Yoga is a vast collection of spiritual techniques and practices aimed at integrating mind, body, and spirit to achieve a state of enlightenment or oneness with the universe.
The different paths of yoga emphasize different approaches and techniques but ultimately lead to the same goal of unification and enlightenment.
1. Yoga, as a disciplined method for attaining a goal.
2. Yoga, as techniques of controlling the body and the mind.
3. Yoga, as a name of one of the schools or systems of philosophy (darśana).
4. Yoga, in connection with other words, such as “hatha-, mantra-, and laya-,” referring to traditions specializing in particular techniques of yoga.
5. Yoga, as the goal of Yoga practice.
One of the benefits of yoga is that you can choose a yoga style that’s tailored to your lifestyle, such as hot yoga, power yoga, relaxation yoga, prenatal yoga, etc. Whether you prefer to practice at home, in a private session, while watching a DVD or at a studio or gym, there are a huge variety of options available to suit your goals and needs.
If you’re a yoga beginner, hatha yoga, which focuses on basic postures at a comfortable pace, would be great for you. If you want to increase strength through using more of your own body’s resistance, power yoga may be right for you.
If you’re ready for a deeper practice, Bikram also called “hot yoga” may be just what you’re looking for. In Bikram yoga, the room temperature is set to around 105 degrees Fahrenheit, resulting in a greater elimination of toxins from the body through the increased production of sweat. No matter your fitness level, fat percentage, or health history, yoga has a style for you.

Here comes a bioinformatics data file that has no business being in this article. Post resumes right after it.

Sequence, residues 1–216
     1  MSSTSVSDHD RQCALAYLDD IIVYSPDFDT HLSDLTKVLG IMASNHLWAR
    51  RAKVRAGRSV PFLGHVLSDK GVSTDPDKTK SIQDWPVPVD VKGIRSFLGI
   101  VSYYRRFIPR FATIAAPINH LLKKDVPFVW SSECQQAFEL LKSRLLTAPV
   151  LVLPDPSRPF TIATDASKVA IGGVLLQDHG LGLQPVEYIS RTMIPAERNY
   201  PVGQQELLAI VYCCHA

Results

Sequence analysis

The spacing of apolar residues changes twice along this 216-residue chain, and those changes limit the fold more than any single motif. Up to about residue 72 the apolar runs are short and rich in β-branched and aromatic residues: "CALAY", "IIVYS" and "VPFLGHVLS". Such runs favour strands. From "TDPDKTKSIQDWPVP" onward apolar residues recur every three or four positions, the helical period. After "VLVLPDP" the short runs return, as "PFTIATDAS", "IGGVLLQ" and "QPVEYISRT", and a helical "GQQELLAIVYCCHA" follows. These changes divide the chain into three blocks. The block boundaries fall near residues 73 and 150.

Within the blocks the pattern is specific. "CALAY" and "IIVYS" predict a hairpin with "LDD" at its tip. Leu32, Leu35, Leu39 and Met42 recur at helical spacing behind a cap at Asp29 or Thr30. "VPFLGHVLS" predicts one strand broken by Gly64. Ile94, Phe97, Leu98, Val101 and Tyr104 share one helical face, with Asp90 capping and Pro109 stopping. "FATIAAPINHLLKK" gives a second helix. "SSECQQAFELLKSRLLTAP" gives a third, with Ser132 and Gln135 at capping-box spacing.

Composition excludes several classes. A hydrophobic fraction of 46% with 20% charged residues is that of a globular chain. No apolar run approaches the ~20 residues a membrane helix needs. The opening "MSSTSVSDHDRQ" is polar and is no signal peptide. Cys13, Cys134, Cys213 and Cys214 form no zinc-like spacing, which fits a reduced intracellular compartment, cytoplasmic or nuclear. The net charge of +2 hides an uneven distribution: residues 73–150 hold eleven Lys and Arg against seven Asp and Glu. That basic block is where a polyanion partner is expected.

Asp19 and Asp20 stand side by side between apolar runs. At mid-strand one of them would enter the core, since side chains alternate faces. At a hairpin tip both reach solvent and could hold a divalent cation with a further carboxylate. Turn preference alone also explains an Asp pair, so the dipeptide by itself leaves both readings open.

Yoga is great for reducing stress and allowing for greater relaxation. Once you get into Yoga though, you learn that it is so much more than just a way to workout and keep in shape.
It is a philosophy, a passion and a way of life for many of those involved in Yoga. While you may be getting into yoga for the exercise, you may soon find yourself wrapped in the philosophy and spirituality that Yoga brings along with it.
What Yoga does for you
Yoga can do a lot for the human body, although it won’t cure every ailment. Yoga can be worked into virtually any lifestyle or schedule. Yoga has been proven to increase health and body awareness allowing yoga participants to better control their bodies. From flexibility increases to better body alignment, Yoga can help with a variety of ailments.
- Increased Flexibility
- Increased Strength
- Improved Balance
- Increased Stamina
- Improved Body Alignment (reduces joint pain)
On December 11 in 2014, the United Nations General Assembly declared June 21st as the International Day of Yoga. Yoga is an invaluable gift of India’s ancient tradition. It embodies the unity of mind and body; thought and action; restraint and fulfillment; harmony between man and nature; a holistic approach to health and well-being. It is not about exercise but to discover the sense of oneness with yourself, the world and nature.
Different types of Yoga